The lack of input from George Lucas only serves as a positive, as JJ Abrams uses his love of Star Wars, his experience from his own science fiction back catalogue (Super 8) and his experience working with Steven Spielberg to make a film that delights audiences with its good-natured desire to entertain and put a smile back on the faces of its fans.


7. Avengers Assemble (2012)
Worldwide box office: $1.518bn

Avengers Assemble has one valuable asset that makes it stand out from its fellow Marvel films: a captivating villain. While so many superhero films devote most of their running time to establishing the protagonist, their enemy is often overlooked. Joss Whedon made certain that there were no such problems here, as Tom Hiddleston’s Loki has an agenda, a determination to see his plan through, and enough allotted screen time so he can be a key feature of Avengers Assemble.

Bringing together Iron Man, Captain America, Hulk and Thor for the first time allowed Joss Whedon to bring his screenwriting qualities to the fore, and he needs no invitation to load his characters with colourful dialogue and childish quips aimed at one another, the “Shakespeare in the park” quarrel being a highlight.

Even the obligatory third-act obliteration of a well-known American city is handled with a love and care for the story, with Whedon focussing on cementing the team of heroes together.


6. Zootropolis (2016)
Worldwide box office: $1.023bn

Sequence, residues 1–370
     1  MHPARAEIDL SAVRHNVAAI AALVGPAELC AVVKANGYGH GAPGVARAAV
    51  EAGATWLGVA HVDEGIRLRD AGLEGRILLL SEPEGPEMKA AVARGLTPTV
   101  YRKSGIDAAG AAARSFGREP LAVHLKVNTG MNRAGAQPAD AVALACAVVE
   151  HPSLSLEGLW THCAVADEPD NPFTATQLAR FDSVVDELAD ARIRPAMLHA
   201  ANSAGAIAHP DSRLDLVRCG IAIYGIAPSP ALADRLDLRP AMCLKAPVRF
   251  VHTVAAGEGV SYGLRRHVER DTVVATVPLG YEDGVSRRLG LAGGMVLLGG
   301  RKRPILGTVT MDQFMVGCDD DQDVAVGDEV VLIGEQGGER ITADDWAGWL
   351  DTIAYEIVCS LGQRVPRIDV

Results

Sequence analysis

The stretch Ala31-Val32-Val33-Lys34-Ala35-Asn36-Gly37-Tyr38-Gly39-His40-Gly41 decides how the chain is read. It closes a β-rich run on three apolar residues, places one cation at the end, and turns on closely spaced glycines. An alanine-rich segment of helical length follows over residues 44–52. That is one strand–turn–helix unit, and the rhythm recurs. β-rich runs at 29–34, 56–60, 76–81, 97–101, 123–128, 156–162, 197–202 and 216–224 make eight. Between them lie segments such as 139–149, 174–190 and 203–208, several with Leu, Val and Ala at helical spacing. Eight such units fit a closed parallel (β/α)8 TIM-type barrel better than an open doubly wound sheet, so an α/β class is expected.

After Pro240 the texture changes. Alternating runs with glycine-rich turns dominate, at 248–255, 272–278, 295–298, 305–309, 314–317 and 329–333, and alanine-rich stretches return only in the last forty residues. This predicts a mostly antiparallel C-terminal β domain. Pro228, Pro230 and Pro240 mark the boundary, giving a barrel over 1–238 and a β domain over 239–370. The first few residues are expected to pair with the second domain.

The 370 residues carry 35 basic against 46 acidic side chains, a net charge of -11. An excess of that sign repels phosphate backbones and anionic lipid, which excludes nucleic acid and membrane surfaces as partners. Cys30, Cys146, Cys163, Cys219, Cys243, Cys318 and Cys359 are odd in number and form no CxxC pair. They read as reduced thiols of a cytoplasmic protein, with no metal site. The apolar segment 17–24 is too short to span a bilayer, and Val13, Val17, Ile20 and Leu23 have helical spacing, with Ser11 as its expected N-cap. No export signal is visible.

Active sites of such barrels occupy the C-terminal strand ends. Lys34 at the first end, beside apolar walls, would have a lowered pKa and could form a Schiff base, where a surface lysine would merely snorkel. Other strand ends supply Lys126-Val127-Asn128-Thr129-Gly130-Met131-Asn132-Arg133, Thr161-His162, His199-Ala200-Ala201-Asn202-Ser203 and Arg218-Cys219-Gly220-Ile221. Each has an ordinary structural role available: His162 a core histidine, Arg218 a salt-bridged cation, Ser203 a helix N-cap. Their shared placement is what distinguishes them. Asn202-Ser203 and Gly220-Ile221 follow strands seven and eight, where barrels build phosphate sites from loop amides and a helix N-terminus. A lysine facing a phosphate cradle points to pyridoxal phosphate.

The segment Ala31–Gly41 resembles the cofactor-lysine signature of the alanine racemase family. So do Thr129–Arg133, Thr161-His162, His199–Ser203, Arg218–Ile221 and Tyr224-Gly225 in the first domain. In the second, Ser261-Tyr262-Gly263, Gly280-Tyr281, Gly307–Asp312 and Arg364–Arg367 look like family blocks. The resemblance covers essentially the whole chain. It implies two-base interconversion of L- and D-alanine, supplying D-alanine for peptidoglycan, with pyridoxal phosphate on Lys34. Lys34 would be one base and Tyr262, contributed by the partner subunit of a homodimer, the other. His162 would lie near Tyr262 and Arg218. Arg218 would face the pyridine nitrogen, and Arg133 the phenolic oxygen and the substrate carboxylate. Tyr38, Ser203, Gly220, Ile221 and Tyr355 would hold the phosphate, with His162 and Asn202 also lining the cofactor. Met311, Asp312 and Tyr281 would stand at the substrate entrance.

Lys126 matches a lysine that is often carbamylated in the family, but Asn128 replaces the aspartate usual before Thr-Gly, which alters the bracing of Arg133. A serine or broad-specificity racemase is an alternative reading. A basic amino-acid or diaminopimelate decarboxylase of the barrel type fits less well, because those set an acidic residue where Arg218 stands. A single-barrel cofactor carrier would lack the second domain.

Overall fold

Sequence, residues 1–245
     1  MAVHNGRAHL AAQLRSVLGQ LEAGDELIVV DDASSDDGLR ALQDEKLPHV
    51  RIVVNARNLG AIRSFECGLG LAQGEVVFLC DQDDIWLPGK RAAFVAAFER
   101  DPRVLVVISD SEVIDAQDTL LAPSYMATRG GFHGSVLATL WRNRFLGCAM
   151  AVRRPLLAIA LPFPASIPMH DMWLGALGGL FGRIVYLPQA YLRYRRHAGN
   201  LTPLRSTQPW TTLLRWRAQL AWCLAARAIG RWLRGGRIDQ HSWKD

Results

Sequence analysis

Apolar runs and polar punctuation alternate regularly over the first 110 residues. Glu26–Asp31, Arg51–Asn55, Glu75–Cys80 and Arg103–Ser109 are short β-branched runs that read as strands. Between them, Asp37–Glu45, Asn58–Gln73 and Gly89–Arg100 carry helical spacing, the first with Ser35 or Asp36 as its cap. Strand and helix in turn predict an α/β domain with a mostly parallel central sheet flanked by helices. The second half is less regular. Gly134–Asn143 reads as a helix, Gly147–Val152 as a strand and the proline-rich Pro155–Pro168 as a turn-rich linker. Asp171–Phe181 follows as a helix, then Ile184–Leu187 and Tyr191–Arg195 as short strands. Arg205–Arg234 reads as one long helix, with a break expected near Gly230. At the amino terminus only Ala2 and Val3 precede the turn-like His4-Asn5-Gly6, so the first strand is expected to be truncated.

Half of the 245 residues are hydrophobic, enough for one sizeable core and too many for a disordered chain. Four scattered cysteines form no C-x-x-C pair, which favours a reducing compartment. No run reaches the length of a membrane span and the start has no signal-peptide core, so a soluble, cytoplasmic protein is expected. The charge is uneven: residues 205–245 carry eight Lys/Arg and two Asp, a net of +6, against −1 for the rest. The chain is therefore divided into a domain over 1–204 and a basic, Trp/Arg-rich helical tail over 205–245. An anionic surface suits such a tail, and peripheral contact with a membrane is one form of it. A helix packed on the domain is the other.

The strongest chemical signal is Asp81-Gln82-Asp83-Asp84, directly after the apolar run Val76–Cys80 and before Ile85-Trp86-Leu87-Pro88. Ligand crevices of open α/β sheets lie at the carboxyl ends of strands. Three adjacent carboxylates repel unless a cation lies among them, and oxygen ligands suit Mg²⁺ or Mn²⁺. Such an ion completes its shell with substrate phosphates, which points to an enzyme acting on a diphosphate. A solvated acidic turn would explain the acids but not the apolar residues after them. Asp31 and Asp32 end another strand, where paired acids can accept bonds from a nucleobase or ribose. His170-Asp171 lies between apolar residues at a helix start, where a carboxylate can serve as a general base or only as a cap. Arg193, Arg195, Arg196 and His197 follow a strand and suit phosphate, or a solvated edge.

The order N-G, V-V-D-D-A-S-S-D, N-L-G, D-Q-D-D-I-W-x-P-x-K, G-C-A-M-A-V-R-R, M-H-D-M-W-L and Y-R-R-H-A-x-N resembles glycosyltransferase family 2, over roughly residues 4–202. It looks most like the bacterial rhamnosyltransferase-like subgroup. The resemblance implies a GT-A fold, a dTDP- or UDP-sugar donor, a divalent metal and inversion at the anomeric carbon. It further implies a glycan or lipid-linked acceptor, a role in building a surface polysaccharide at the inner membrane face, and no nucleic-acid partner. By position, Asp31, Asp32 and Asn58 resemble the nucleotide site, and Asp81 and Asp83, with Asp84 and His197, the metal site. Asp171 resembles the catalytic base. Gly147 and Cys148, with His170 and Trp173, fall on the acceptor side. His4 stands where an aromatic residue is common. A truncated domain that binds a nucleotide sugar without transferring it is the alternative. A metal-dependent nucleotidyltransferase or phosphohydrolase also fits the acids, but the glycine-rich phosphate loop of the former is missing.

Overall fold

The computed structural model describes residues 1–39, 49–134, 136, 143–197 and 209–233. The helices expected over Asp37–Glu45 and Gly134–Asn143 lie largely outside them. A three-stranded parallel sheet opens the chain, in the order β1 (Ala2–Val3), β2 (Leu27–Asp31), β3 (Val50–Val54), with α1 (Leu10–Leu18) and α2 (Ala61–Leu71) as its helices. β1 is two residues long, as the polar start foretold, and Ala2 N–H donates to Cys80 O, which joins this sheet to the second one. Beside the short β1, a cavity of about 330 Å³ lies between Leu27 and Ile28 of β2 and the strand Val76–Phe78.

Borrowing from the Pixar formula of creating a film that works for children and adults alike, Zootropolis is a delightful animation, following the young bunny Judy Hopps on her journey to becoming a police officer in Zootropolis. While being given menial tasks by her disapproving superior officer, Hopps decides to do some policing of her own, looking for clues in a missing mammal case, which seems to have roots high up the food chain in Zootropolis.

The animation, writing and voice acting is uniformly terrific, and the film smartly promotes the message of inclusion, and the idea that your appearance should not be derogatory to your aspirations in life is a strong theme throughout.


5. Jurassic Park (1993)
Worldwide box office: $1.029bn

Jurassic Park

Steven Spielberg’s films have often been imitated but never rivalled. He is a true master of his craft, a storyteller who recognises that a film can only be as strong as its characters. His ability to bring out exceptional performances in the young stars is highly beneficial as they often carry much of the dramatic and emotional weight of his films.